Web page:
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In eukaryotes, many genes are transcribed as precursor messenger RNAs (pre-mRNAs) that contain exons and introns, the latter of which must be removed and exons ligated to form the mature mRNAs. This process is called pre-mRNA splicing, which occurs in the nucleus. Although the chemistry of pre-mRNA splicing is identical to that of the self-splicing Group II introns, hundreds of proteins and five small nuclear RNAs (snRNAs), U1, U2, U4, U5, and U6, are essential for executing pre-mRNA splicing. Spliceosome, arguably the most complex cellular machine made up of all those proteins and snRNAs, is responsible for carrying out pre-mRNA splicing. In contrast to the transcription and the translation machineries, spliceosome is formed anew onto each pre-mRNA and undergoes a series of highly coordinated reconfigurations to form the catalytic center. This amazing process is orchestrated by a number of DExD/H-proteins that are the focus of this article, which aims to review the field in general and to project the exciting challenges and opportunities ahead. This article is part of a Special Issue entitled: The Biology of RNA helicases - Modulation for life. Copyright © 2013 Elsevier B.V. All rights reserved.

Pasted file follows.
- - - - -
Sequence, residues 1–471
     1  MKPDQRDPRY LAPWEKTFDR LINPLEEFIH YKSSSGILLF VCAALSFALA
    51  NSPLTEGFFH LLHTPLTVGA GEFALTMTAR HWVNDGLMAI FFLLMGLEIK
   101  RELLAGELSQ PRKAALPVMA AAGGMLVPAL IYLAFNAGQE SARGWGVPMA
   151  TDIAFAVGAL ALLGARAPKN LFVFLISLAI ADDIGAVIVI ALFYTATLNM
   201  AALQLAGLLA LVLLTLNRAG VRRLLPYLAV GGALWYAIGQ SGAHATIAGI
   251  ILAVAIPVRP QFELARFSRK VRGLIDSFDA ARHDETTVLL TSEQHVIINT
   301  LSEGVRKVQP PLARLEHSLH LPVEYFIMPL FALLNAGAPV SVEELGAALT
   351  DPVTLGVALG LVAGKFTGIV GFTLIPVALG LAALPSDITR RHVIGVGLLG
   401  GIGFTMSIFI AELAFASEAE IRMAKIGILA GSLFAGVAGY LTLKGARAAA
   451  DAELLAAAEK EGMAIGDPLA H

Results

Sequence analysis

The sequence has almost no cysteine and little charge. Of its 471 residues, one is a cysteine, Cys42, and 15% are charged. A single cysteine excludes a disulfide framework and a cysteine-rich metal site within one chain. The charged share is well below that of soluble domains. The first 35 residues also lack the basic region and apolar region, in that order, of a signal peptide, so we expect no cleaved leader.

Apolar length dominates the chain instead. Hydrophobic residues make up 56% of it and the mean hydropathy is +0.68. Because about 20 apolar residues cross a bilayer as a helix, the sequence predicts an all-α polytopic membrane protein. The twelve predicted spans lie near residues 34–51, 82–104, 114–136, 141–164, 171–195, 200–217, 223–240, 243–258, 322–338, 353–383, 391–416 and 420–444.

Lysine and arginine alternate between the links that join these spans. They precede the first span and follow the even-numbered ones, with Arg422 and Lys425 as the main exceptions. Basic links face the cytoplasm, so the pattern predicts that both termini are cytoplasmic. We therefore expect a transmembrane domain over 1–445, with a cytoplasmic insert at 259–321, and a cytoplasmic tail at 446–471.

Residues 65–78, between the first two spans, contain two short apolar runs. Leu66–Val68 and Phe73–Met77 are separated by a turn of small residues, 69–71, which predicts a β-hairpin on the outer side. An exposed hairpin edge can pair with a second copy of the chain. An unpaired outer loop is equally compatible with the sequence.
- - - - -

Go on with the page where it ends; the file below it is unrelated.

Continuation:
Tien-Hsien Chang, Luh Tung, Fu-Lung Yeh, Jui-Hui Chen, Shang-Lin Chang. Functions of the DExD/H-box proteins in nuclear pre-mRNA splicing. Biochimica et biophysica acta. 2013 Aug;1829(8):764-74

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PMID: 23454554

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